I just finished this Black Limba ukulele. It’s a tenor, by the way. Haven’t made one from this wood in awhile since I have not had a reliable source for wood. This wood has a really pleasant tap tone and I especially like the varied appearances–absolutely no two instruments look the same. Most of these instruments present a full, mid-range sound with excellent sustain and volume. The neck is Black Limba as well and light. In keeping with the African theme I used African Wenge for binding combined with a vintage-style purfling to accent. The finger board and bridge are Madagascar Ebony. I expect this instrument to perform well with any string combination.
Got this Claro Black Walnut from my good friends at Gilmer Woods in Oregon. I’ve topped this uke with a 60+ year old Sitka Spruce that was rescued from the Gibson factory. I left the age stain down the middle just to give it some credibility. The binding is Hawaiian Koa, the neck is Oregon Black Walnut, the finger board and bridge are of Madagascar Ebony and the accents are Oregon Myrtle. The headstock laminate is Australia Queensland Eucalyptus Burl. I’m using Gotoh 4:1 tuners. Probably going to string with Jason Arimoto’s PHD’s in low G. I love this wood!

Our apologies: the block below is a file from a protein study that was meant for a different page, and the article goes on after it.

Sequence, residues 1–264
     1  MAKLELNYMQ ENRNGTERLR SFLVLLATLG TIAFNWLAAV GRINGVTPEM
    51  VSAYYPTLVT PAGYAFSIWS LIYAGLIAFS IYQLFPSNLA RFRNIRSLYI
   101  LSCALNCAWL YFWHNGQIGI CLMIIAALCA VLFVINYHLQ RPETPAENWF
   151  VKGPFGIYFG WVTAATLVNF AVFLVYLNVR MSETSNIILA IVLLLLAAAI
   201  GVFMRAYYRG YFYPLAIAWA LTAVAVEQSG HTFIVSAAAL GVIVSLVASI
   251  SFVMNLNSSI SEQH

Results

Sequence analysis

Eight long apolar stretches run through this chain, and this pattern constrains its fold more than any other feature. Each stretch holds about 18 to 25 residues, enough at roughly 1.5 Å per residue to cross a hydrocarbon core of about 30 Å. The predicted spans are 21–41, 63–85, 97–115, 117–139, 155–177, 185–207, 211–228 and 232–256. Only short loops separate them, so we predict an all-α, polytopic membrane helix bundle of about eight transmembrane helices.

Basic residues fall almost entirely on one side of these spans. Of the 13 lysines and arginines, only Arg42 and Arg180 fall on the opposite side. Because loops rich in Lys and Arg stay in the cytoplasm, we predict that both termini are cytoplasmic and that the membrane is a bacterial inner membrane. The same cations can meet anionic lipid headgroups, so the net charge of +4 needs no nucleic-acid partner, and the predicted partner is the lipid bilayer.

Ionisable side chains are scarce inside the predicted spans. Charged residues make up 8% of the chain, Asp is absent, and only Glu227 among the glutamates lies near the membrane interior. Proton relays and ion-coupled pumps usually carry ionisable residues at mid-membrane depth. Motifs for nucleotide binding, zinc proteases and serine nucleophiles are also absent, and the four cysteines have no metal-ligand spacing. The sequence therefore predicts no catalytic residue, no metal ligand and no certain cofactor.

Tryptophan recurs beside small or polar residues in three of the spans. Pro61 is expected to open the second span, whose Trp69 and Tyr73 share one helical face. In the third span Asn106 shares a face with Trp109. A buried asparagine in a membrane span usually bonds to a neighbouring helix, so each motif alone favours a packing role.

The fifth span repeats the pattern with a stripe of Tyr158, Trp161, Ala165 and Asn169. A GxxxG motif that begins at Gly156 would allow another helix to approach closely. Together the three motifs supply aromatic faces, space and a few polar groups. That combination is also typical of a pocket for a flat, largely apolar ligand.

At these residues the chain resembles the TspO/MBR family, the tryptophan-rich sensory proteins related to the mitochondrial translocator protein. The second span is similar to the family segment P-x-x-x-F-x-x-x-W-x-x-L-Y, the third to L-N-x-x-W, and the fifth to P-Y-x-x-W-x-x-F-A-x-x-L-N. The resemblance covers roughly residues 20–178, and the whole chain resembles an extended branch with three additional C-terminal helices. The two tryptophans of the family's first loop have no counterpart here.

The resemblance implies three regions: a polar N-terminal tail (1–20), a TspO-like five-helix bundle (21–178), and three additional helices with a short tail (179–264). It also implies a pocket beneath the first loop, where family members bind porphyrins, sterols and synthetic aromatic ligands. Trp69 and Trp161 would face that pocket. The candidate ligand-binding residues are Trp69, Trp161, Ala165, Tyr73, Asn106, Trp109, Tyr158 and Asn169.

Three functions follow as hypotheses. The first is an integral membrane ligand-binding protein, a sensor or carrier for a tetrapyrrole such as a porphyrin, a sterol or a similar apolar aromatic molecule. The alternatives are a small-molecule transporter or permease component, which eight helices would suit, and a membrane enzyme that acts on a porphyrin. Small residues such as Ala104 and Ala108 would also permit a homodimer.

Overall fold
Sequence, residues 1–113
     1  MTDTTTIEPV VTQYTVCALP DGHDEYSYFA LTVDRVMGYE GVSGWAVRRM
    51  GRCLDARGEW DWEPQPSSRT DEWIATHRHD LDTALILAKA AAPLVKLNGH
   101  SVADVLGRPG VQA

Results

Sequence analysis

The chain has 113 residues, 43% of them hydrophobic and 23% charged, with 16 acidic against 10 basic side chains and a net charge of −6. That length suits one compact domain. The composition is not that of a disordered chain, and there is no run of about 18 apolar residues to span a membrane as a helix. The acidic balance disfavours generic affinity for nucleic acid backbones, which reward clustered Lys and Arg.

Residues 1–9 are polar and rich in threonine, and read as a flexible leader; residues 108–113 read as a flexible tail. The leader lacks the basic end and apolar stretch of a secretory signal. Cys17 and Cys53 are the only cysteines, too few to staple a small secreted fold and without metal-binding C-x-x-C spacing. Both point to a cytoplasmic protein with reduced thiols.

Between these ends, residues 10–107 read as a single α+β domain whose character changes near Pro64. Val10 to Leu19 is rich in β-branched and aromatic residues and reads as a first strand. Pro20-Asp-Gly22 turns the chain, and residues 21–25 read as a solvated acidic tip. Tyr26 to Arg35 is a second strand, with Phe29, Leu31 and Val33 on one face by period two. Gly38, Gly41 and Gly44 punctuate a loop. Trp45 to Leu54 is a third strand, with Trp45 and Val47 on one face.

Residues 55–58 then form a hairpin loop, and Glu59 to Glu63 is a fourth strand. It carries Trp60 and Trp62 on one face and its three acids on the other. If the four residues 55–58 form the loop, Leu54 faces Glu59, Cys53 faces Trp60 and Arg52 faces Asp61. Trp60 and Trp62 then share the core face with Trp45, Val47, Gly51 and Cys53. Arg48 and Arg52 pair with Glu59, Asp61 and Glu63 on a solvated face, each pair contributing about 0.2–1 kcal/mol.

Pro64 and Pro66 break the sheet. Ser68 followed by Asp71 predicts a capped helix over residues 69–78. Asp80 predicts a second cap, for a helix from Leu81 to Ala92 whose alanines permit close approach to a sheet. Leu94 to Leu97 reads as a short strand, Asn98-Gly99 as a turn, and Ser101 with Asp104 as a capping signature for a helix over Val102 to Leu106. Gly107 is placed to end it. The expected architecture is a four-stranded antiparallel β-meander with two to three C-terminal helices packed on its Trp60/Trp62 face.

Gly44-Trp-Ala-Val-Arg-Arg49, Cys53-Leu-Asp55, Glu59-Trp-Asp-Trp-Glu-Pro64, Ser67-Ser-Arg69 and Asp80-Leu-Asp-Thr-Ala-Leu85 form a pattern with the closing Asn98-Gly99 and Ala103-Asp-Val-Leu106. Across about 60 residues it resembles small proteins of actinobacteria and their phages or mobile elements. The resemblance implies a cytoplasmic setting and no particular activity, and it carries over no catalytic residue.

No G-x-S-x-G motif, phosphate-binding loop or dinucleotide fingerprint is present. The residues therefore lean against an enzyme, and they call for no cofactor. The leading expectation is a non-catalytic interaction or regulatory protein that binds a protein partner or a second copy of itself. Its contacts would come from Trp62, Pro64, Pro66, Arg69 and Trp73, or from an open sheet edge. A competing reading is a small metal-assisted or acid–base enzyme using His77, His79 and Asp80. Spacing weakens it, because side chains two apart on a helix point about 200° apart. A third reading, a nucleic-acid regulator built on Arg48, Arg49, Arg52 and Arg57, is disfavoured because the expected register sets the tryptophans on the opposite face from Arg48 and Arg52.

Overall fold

As in Baritone, that is.
Uncle Bob has been eyeing this Oregon Bastogne Black Walnut for most of a year now. He finally pulled the trigger, but wanted a baritone instead of the usual tenor. He wanted the instrument to be straight-forward without a lot of bling, so we didn’t do a back strip and only used a conservative blace-white-black purfling on the top and the same around the sound hole. The Sitka Spruce top is over 60 years old and a rescue from the Gibson factory as I have been told. I used a Macassar Ebony for the fret board and bridge to accent the walnut. We wanted a vintage look and, I think, have achieved that goal. The sound, on initial stringing, was big and bold and guitar-like with excellent projection and sustain. I can only believe that this instrument will open up with regular playing to be another one-or-a-kind. The instrument is strung with D’Addario Titaniuim Baritone. Tuners are Gotoh. Neck is Black Walnut. Binding is 5A curly Koa. Side sound port, of course!
This tenor ukulele was purchased by Olukai (www.olukai.com) as part of it’s contribution for this year’s Surf Industry Manufacturers Association annual Waterman”s Ball (www.sima.com)l silent auction. I was pleased to collaborate with ocean artist Wade Koniakowsky (www.koniakowsky.com) this year to provide a tenor ukulele showcasing our art. This ukulele is fabricated from premium curly Tasmanian Blackwood–Koa’s southern hemisphere cousin–and a Canadian Sitka Spruce top featuring Wade’s artwork. This ukulele is definitely a one-of-a-kind collector’s instrument. I was unsure of final sound quality during construction but was more than impressed with the pleasing sound it produced upon completion. I already have my next project in the works.